Black Virginians in Blue
Black Virginians in Blue (Part I): Before the Civil War
Friday, January 10, 2020

Casey Bowler graduated in 2019 from the University of Virginia where she studied Computer Science and Women, Gender & Sexuality. As a 2018-2019 Research Intern for the John L. Nau III Center for Civil War History, Casey researched the history of Albemarle County and UVA during the war.

In the years preceding the Civil War, White Virginian society was highly stratified and deeply invested in the preservation of its slaveholding tradition. Slavery was the foundation for nearly all of the state’s agricultural, industrial, and economic growth. Slaves living on plantations dealt with severe working conditions and insufficient rations, and the threat of southern sale or westward movement constantly hung over them. Free Virginians of color faced similar instability, as their right to reside in the state was frequently called into question. These challenges led to a way of life characterized by continuous movement and fluctuating legal status. Black Virginians, whether enslaved or free, had to find ways to navigate a social and political system intent on maintaining their subordination. According to Ervin L. Jordan, Jr., Black Virginians were the majority in Albemarle County, comprising fifty-four percent of the population in 1860. Many Albemarle-born African Americans went on to serve in the war, enlisting in the United States Colored Troops (USCT). Their service and pension records allow us to draw out information about their lives in and out of service—painting a fuller picture of the ways Black Virginians loved, labored, and endured in the years before the Civil War.

Virginia’s economy was dependent on slavery in the prewar years. Tobacco and grain, the state’s major cash crops, were generally grown on plantations using slave labor. William Page and Peter Churchwell, both of whom would go onto enlist in infantry regiments of the USCT, were enslaved on plantations near Charlottesville in the years before the war. Henry Kettell—alternatively listed as Henry Kettel, Williams, Catton, or Kachton in various records—lived thirteen miles away from the city where he worked on his master's farm. The daily lives of these men and their families would have centered primarily around agricultural labor, excepting Page, who worked in the main house of the Blenheim Estate as a waiter. Most slaves on plantations received only two meals a day, usually comprised of cornmeal, grits, molasses, and pork. Some grew vegetables, fished, and trapped small game animals to add to their repetitive and insufficient diets, but malnutrition frequently reared its head in the form of scurvy, cholera, and protein deficiencies. In addition to these illnesses, pneumonia, smallpox, and yellow fever were prevalent. Occasionally doctors would be called to plantations to treat infirmed slaves, but for the most part they developed ways to treat themselves using a skillful combination of folk medicine and medicinal herbs.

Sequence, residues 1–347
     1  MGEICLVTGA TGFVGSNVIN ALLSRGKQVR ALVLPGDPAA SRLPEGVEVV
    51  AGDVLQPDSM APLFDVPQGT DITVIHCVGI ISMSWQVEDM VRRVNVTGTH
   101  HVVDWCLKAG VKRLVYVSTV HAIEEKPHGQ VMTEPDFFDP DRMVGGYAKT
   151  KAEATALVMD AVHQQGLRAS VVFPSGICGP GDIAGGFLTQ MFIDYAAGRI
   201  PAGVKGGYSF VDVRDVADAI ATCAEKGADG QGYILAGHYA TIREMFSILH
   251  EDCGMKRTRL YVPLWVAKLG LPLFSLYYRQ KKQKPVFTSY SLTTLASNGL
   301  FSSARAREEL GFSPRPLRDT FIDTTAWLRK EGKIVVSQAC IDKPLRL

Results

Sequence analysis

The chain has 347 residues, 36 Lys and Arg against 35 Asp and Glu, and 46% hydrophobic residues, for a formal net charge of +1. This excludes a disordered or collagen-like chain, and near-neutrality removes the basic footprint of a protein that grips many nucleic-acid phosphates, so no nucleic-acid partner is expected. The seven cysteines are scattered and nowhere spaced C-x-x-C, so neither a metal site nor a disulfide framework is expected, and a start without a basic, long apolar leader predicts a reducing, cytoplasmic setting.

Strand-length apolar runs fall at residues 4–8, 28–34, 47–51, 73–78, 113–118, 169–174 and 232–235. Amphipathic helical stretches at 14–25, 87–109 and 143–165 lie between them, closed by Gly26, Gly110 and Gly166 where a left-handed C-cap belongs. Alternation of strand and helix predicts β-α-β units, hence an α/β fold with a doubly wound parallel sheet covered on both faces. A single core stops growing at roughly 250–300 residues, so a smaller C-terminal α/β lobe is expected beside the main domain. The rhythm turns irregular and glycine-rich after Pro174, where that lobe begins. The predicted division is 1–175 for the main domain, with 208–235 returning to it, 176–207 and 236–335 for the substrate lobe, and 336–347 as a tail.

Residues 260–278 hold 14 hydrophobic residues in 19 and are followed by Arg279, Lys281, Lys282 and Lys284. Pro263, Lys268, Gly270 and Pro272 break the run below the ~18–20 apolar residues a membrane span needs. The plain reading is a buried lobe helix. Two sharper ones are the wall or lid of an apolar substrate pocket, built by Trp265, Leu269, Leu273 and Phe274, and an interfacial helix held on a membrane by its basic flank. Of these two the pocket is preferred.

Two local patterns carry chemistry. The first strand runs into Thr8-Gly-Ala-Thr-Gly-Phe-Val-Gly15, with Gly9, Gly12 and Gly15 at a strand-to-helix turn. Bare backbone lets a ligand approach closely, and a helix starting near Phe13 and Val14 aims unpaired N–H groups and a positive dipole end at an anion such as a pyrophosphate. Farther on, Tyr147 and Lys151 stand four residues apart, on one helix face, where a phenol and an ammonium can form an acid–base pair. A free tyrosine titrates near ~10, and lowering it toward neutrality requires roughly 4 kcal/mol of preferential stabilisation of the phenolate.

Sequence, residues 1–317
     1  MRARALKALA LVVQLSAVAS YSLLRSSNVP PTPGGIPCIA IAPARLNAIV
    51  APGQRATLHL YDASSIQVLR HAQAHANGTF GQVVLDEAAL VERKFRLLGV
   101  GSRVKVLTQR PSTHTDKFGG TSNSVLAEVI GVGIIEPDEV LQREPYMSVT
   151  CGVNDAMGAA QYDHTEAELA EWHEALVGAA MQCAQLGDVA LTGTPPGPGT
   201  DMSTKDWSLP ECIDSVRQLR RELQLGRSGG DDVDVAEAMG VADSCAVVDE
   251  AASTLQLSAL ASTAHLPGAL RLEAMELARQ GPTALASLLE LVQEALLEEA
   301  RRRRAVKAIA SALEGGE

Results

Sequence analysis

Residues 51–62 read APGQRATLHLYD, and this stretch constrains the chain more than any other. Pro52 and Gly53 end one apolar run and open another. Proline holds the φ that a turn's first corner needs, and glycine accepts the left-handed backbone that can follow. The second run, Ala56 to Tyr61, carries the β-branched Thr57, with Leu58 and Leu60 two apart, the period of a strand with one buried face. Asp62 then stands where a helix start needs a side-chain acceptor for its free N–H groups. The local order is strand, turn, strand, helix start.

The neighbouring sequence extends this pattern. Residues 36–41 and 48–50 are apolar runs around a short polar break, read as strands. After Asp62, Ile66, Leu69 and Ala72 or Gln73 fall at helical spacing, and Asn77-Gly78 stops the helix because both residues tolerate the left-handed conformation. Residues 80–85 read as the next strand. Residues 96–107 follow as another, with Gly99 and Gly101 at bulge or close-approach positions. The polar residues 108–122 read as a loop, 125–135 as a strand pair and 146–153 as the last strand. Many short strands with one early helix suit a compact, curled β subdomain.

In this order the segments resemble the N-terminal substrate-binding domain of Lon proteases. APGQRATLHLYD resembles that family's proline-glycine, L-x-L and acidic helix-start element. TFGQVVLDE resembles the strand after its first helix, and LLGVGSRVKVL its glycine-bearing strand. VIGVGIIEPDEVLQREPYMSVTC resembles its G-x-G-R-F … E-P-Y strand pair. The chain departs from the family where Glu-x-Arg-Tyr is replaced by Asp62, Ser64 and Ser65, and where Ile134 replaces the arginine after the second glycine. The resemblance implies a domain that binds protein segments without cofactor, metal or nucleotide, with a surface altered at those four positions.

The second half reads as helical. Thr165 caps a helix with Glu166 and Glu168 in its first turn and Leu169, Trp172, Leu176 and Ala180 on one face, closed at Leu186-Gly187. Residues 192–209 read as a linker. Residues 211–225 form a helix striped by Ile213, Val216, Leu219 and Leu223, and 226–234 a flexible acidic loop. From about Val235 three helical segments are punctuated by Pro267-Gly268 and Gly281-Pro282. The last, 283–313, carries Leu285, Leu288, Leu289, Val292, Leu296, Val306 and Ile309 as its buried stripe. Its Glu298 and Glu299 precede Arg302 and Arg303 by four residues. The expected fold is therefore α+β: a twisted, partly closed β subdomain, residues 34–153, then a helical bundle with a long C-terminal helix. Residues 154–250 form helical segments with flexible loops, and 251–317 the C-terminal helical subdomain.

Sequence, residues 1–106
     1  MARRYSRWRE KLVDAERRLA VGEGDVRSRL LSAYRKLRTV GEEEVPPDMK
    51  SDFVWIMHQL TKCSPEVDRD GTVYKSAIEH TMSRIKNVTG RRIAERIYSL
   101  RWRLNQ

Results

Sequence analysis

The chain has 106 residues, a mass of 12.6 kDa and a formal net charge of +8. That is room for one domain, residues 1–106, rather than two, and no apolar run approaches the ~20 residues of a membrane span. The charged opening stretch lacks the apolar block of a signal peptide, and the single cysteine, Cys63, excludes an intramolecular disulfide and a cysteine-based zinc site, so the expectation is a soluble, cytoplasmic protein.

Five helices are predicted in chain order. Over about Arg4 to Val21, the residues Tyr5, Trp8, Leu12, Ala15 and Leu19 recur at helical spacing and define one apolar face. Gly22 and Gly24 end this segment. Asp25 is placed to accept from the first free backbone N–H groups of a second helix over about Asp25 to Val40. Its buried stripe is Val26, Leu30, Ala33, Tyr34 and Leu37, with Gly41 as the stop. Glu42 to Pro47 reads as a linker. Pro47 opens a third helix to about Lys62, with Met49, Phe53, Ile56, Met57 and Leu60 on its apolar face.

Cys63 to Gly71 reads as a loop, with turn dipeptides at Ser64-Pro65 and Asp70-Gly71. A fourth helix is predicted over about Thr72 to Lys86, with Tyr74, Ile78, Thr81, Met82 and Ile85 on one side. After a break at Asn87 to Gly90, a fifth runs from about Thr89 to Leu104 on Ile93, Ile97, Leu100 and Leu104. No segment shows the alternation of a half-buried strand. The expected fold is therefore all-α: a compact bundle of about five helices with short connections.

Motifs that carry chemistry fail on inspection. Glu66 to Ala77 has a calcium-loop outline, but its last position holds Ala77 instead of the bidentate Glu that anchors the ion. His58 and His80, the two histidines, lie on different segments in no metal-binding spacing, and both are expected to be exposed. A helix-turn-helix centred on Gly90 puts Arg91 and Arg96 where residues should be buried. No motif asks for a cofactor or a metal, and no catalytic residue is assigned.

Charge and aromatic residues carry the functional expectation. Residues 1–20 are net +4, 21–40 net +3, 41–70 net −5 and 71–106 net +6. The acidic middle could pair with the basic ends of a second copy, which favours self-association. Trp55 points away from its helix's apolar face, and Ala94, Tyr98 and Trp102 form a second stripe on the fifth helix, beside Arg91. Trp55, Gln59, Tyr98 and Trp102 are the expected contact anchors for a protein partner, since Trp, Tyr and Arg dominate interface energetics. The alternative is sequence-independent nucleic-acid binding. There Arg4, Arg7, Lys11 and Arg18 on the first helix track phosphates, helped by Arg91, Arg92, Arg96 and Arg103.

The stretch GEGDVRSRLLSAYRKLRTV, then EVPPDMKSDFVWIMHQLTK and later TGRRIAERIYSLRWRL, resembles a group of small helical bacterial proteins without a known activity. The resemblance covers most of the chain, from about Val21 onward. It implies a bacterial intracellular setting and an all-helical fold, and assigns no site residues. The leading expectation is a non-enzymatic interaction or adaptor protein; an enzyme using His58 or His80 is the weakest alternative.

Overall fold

Enslaved Virginians also played a significant role in the state’s rapid industrialization. Virginia amassed more factories than any other southern state in the early nineteenth century, and these factories were primarily powered by rented slave labor. Slaves worked mostly in tobacco processing plants, but they also contributed to flour and textile mills as well as coal mines. Increased demand for urban laborers led to a growth in the number of slaves living in cities, which is consistent with an overall increase in Virginia’s slave population. As abolitionist sentiments progressed in the northern United States and modernization threw the moral complications of slavery into sharper relief, the peculiar institution continued to grow dramatically in the South. From 1800 to 1860, the number of slaves living in Virginia increased by nearly 150,000.